12. Complete submissions of staff: One change that would reduce the administrative burden of the REF, and would reduce ‘gaming’ of the system, would be to move to a system of 100% return with all eligible staff within an institution being returned. This would need to be accompanied by robust regulatory requirements and codes of practice, to ensure that knock-on effects (such as wholesale conversion of staff to teaching-only contracts) were minimised.
13. Normalising subpanel grade-profiles would obviate the need for elaborate calibration procedures between sub- and main panels. We strongly urge that this is given attention.
14. Assessment in disciplinary units, and not at institutional level, is a vital component of REF. Universities do not do research - research is conceived and executed, and impact is achieved, by individuals working within sub-institutional units (groups, clusters, departments, and institutes). Whether these units are organised around disciplinary lines or around discrete topics or problems, these are the organisational engines that promote and encourage high-quality research via environment, support, and pathways to impact. Assessment must recognise these units; institutions are too coarse-grained for this type of evaluation.
15. Anonymity of individuals is integral to the system and should not be changed. Expectations (e.g. for four outputs, pro-rated if appropriate) are not unreasonable for the lifetime of an assessment period and, with the focus on excellence and not bulk productivity, this encourages efforts towards research quality, not quantity.
16. Disadvantages when joint authors are at the same institution, not different institutions, need to be addressed. The current approach for Panel C works against establishment of research teams within departments.
17. Where disciplines have been merged in units of assessment, some operational issues have arisen. Units based broadly on disciplines are an advantageous, and a fair, mechanism for research excellence assessment.
18. REF provides our organisation (a learned society) with useful benchmarking data to assess progress of disciplinary areas. It does not duplicate other management information as there is no other equivalent assessment nation-wide of the research quality of disciplinary areas.
19. REF is useful in making the case for the strength of disciplines in an international context.
20. REF data do not duplicate other data for management processes, and have therefore inevitably become utilised internally in university institutions. Using REF data as a (significant) component of QR distribution within an institution does reward performance, but allows institutions sufficient flexibility to distribute to some degree according to other priorities.
21. The REF data on environment have the least utility generally. This is largely duplicative or derivative of internal data, and can be out of date by the time it is published, although it allows a public realm dataset for peer referencing. At the very least, the numbers of categories of information should be shortened.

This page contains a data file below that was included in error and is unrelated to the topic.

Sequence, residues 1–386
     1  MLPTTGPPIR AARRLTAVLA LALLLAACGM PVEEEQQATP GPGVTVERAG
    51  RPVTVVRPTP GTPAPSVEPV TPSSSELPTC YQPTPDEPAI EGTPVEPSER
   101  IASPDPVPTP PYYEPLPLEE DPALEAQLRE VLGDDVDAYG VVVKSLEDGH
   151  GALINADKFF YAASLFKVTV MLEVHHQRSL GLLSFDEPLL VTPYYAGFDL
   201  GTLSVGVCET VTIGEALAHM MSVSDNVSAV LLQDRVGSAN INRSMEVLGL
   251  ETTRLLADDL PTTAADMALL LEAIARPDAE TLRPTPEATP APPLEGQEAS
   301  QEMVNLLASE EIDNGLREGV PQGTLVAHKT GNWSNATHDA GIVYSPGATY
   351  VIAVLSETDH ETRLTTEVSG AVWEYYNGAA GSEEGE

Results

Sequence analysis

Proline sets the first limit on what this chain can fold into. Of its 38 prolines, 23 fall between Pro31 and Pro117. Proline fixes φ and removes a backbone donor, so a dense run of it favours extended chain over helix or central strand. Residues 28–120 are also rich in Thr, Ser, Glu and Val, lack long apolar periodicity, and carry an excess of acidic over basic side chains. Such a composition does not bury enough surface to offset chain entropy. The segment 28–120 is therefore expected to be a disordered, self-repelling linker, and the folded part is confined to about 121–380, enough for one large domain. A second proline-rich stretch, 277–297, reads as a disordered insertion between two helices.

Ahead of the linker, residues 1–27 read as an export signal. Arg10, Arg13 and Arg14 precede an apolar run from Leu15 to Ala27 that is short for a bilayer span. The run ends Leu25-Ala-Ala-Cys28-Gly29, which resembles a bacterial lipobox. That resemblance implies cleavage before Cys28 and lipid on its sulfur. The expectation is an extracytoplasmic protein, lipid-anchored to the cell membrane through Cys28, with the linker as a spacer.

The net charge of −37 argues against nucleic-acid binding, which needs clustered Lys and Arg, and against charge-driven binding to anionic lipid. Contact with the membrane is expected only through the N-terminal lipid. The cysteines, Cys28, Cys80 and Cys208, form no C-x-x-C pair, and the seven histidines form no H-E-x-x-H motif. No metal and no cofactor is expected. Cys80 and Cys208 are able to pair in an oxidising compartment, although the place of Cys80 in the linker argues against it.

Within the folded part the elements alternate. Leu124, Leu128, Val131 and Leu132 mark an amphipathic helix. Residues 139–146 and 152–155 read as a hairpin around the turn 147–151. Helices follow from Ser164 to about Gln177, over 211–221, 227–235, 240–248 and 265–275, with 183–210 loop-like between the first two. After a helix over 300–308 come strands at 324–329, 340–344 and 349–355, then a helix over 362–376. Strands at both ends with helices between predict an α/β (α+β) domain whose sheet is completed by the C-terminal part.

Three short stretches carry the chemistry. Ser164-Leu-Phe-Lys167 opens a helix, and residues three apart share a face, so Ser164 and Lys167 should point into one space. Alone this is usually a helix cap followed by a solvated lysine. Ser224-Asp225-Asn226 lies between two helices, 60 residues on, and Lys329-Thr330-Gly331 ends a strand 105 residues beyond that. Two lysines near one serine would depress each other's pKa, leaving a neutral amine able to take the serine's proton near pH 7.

22. The purpose of REF is not about producing ‘data’ per se, it is about assessing a range of ‘data’ that are available from other sources, making a considered judgement about academic research quality: about how research is represented (in outputs), how it is generated (through environment) and how it may be put to use beyond academia (as impact). If REF is itself turned into a data-producing, data-crunching and data-visualisation device, then it would become something entirely different from REF as it currently is.
23. REF could address the issue of ‘league tables’: and, rather than allowing all manner of league tables to be generated post-REF with highly variable rank orders of institutions/subjects, REF should formally sanction one way of calculating GPAs (grade point averages) from the profiles and one way of arriving at meaningful ‘power’/ ‘intensity’ tables (if, indeed, the latter are warranted). Arguably this would produce a much more useful set of unambiguous results to inform subsequent Government and research council funding decisions.
24. Researchers need space and limited constraints to be creative and constructive. This needs to be recognised by REF and the assessment should not become a tool to drive particular types of behaviours at the exclusion of support for the highest quality research more generally. REF (RAE) has had an influence on the behaviours of institutions and individuals.
25. ‘Impact’ clearly is driving collaborative engagement, so too are collaborative consortial schemes for PhD training, for example. It would be possible to build into the REF explicit assessment of collaboration between universities, and between universities and public/private sector bodies and make it count.
26. REF could be expanded to include public sector bodies drawing on research, such as government research institutes like British Antarctic Survey and British Geological Survey, and assess how they are collaborating with universities. All of the burden should not be placed on universities to do this. If such interaction is perceived to be beneficial, then the issue needs to be approached from both angles – universities and other public/private sector organisations.
27. More guidance should be given to panels (robust and clear guidelines) about how to assess interdisciplinary research, to combat the widespread view among staff that such work falls outside of the disciplinary focus of REF and is thus unlikely to be recognised or rewarded. The current lack of clarity on how interdisciplinary work will be handled is a serious potential disincentive to staff, and sits at odds with increasing pressure from funders to undertake interdisciplinary research.